Available Now! (click cover)

America's Counter-Revolution
The Constitution Revisited

From the back cover:

This book challenges the assumption that the Constitution was a landmark in the struggle for liberty. Instead, Sheldon Richman argues, it was the product of a counter-revolution, a setback for the radicalism represented by America’s break with the British empire. Drawing on careful, credible historical scholarship and contemporary political analysis, Richman suggests that this counter-revolution was the work of conservatives who sought a nation of “power, consequence, and grandeur.” America’s Counter-Revolution makes a persuasive case that the Constitution was a victory not for liberty but for the agendas and interests of a militaristic, aristocratic, privilege-seeking ruling class.

Thursday, April 20, 2006

It's Not Easy Being a Benevolent Hegemon

In an editorial about China today the Wall Street Journal says, "Managing the rise of any great power is an enormous foreign policy challenge that can easily go awry, as the world learned with Germany and Japan."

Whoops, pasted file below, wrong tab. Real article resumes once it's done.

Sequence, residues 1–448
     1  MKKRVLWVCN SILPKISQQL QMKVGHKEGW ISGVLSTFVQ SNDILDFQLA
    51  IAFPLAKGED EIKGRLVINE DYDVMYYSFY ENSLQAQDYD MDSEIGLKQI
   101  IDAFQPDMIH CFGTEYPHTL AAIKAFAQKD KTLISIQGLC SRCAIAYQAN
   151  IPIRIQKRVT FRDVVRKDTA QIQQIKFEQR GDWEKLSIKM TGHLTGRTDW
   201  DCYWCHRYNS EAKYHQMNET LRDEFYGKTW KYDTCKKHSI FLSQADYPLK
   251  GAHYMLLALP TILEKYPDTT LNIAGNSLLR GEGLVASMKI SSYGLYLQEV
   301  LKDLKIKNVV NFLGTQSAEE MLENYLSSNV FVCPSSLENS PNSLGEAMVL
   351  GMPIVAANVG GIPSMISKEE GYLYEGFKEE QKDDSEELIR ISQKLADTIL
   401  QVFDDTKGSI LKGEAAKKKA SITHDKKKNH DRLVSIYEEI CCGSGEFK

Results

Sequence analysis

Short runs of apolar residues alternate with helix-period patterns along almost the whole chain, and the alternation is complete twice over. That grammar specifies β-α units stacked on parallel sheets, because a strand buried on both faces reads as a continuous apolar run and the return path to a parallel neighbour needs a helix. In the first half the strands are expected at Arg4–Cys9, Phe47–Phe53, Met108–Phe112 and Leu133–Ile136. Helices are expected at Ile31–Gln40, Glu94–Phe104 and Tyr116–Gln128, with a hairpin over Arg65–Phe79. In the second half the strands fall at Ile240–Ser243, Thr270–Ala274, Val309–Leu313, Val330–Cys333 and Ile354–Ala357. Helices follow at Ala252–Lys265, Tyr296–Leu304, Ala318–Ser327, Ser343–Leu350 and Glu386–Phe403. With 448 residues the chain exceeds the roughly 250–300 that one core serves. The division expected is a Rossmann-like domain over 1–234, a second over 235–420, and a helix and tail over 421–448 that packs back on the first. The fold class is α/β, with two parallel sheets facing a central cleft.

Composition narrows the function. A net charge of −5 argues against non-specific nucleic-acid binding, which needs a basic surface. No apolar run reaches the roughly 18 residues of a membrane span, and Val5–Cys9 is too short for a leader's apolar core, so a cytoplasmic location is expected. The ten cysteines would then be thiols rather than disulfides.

I tell ya, a world policeman's work is never done. You have to change regimes, watch out for weapons of mass destruction (while developing one's own killer "conventional" weapons), and manage the rise of great powers (so that they don't actually compete with you where it matters). That's a full plate by any standard. No doubt the busy president feels harried by all the criticism. Everyone's a critic.

Cross-posted at Liberty & Power.


Libertarian Jason said...

Oh, Sheldon... You do have such a way with words!! :)

Sheldon Richman said...

Well, thanks. I try. :)